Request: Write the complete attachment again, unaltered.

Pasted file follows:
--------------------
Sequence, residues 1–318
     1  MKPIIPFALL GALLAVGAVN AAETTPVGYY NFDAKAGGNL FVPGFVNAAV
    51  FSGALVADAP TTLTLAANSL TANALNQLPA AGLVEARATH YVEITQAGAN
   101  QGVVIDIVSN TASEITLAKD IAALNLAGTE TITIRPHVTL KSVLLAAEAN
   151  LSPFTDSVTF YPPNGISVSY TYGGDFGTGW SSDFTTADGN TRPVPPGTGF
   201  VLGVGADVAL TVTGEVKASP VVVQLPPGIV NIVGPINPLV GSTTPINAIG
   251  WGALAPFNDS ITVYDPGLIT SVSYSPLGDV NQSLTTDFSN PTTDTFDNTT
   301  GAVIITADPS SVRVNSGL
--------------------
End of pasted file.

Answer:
Sequence, residues 1–318
     1  MKPIIPFALL GALLAVGAVN AAETTPVGYY NFDAKAGGNL FVPGFVNAAV
    51  FSGALVADAP TTLTLAANSL TANALNQLPA AGLVEARATH YVEITQAGAN
   101  QGVVIDIVSN TASEITLAKD IAALNLAGTE TITIRPHVTL KSVLLAAEAN
   151  LSPFTDSVTF YPPNGISVSY TYGGDFGTGW SSDFTTADGN TRPVPPGTGF
   201  VLGVGADVAL TVTGEVKASP VVVQLPPGIV NIVGPINPLV GSTTPINAIG
   251  WGALAPFNDS ITVYDPGLIT SVSYSPLGDV NQSLTTDFSN PTTDTFDNTT
   301  GAVIITADPS SVRVNSGL